The Russian military on Wednesday joined efforts to fight forest fires that have engulfed nearly 30,000 square kilometers of territory in Siberia and the Russian Far East — an area the size of Belgium.
The move, which includes sending military transport planes and helicopters that can drop water on fires, came after an order from Russian President Vladimir Putin.
Russian authorities have declared a state of emergency in five areas, including all of the Irkutsk and Krasnoyarsk regions, which lie north of Mongolia. Siberia’s Krasnoyarsk region, which stretches all the way to the Kara Sea and the Arctic Ocean, can be seen blanketed in smoke by satellite photos from NASA and Europe’s Copernicus Atmosphere Monitoring Service (CAMS).
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No injuries or evacuations have been reported so far from the fires, many of which appear to have been started by lightning strikes in “dry thunderstorms” in which precipitation disperses before reaching the ground.
But the fires, which were being spread by strong winds, have produced heavy smoke has clogged the air in several cities, including Novosibirsk, Russia’s third-largest city with a population of 1.6 million in southwestern Siberia.
Prime Minister Dmitry Medvedev visited the city of Krasnoyarsk on Wednesday and gave a glum assessment of the forest fires.
“The situation is difficult. Many forests are burning, smog and smoke are observed over many populated areas. The prognosis at this moment is not happy,” he said.
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Late Wednesday, the White House issued a statement saying President Donald Trump had spoken with Putin earlier in the day and “expressed concern over the vast wildfires afflicting Siberia.”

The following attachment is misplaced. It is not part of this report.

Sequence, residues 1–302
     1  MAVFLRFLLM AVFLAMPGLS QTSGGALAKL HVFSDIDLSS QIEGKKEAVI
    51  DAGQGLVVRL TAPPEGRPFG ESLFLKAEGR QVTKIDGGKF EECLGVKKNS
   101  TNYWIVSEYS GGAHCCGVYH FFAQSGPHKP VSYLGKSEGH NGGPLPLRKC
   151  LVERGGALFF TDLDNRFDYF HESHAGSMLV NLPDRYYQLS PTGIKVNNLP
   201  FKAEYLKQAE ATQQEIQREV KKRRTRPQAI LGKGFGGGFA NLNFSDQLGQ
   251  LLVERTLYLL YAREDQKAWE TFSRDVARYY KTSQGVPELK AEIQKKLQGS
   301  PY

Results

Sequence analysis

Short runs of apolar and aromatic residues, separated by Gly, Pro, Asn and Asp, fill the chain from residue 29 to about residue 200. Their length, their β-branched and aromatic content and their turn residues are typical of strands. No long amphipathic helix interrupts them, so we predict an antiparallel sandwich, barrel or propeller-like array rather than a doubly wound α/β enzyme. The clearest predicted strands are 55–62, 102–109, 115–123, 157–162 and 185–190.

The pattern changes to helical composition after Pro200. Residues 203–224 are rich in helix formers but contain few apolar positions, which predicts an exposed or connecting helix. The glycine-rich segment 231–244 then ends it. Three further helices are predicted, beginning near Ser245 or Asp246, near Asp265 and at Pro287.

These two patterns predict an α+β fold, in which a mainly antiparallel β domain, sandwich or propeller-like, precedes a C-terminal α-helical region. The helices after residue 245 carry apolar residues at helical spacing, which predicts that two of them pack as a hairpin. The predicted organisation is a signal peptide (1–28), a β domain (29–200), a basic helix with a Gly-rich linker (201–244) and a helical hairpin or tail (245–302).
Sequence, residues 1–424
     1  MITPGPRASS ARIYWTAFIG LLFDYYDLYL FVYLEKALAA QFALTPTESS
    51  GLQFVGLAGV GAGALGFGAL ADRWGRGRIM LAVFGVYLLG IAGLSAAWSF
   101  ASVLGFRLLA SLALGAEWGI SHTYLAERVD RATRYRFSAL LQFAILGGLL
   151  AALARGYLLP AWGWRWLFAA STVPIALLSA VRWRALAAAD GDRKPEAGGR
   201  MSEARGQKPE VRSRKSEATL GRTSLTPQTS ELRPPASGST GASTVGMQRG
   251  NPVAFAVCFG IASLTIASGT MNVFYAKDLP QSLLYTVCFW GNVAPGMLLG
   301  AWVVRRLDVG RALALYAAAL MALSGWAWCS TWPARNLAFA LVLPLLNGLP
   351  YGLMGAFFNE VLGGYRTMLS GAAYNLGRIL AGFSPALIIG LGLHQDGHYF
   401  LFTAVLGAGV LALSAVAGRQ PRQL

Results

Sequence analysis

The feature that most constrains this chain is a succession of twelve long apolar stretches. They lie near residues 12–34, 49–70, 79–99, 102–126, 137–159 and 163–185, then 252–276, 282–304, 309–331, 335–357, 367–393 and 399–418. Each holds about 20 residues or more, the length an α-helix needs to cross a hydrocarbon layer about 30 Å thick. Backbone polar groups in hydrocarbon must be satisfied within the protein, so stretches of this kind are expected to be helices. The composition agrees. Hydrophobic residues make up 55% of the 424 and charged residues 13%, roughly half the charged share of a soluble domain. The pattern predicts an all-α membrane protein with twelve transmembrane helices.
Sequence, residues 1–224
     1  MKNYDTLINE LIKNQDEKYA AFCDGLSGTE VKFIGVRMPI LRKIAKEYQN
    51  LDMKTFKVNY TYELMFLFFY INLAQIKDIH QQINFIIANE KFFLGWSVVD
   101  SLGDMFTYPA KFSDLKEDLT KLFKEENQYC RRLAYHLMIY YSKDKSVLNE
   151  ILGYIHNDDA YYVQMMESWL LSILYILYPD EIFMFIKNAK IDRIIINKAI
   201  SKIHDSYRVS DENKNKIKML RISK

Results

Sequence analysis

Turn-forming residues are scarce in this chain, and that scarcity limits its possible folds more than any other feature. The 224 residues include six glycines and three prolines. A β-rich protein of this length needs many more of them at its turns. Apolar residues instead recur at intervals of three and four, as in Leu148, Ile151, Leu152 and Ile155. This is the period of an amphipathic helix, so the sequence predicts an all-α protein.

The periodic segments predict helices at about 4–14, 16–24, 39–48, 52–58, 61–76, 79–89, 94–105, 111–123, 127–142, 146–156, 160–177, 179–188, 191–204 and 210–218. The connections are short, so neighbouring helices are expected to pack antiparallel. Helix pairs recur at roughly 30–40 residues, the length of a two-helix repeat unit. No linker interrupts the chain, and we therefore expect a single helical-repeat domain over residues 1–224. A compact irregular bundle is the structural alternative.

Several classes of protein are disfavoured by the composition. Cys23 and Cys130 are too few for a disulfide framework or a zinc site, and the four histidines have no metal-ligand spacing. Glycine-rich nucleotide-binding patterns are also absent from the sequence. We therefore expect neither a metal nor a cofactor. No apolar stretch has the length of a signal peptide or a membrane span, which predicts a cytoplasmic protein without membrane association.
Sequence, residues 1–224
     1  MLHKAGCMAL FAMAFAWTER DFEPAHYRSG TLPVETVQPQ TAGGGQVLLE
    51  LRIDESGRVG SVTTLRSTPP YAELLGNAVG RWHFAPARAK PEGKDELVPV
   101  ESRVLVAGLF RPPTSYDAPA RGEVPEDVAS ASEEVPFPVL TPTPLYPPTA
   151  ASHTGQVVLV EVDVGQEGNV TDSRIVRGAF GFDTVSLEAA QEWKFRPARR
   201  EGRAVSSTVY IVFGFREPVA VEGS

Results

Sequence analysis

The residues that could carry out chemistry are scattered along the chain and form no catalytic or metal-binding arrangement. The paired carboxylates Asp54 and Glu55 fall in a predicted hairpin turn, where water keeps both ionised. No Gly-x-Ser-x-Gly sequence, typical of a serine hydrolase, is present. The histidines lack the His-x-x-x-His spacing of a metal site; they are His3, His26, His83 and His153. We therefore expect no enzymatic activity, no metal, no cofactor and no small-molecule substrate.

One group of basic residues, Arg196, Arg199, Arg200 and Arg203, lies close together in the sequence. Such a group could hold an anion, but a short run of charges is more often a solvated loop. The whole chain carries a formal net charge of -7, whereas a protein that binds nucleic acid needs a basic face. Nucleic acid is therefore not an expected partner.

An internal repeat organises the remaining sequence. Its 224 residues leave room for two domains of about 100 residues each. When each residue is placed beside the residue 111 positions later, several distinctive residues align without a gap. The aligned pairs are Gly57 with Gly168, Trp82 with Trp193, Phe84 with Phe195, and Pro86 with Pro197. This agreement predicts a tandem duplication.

Russia’s agency for aerial forest protection, Avialesookhrana, said about 2,700 firefighters were working to put out the blazes but it said about 28,000 square kilometers (10,800 sq. miles) of the fires were in difficult-to-reach areas. Those forest fires, it said, were not being fought because the costs and risks of doing so were higher than the potential damages the fires could cause to unpopulated areas.
Russia’s vast stretches of forest have often been hit by widespread fires in the summer months. This year, however, the world experienced the warmest June on record.
“It’s not for the first time that we’re having this catastrophe in our country,” said Mikhail Kreindlin, a Greenpeace activist in Moscow. “Why there is so much attention to it this year is because the smoke from the fires has reached the cities, with activists who (have) started to raise the issue.”
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Protests demanding action against the heavy smoke from the fires were planned for Thursday in Moscow outside the Ecology Ministry. Greenpeace also planned to submit a petition with more than 200,000 signatures to the Russian government urging a better response to wildfires and more preventive action.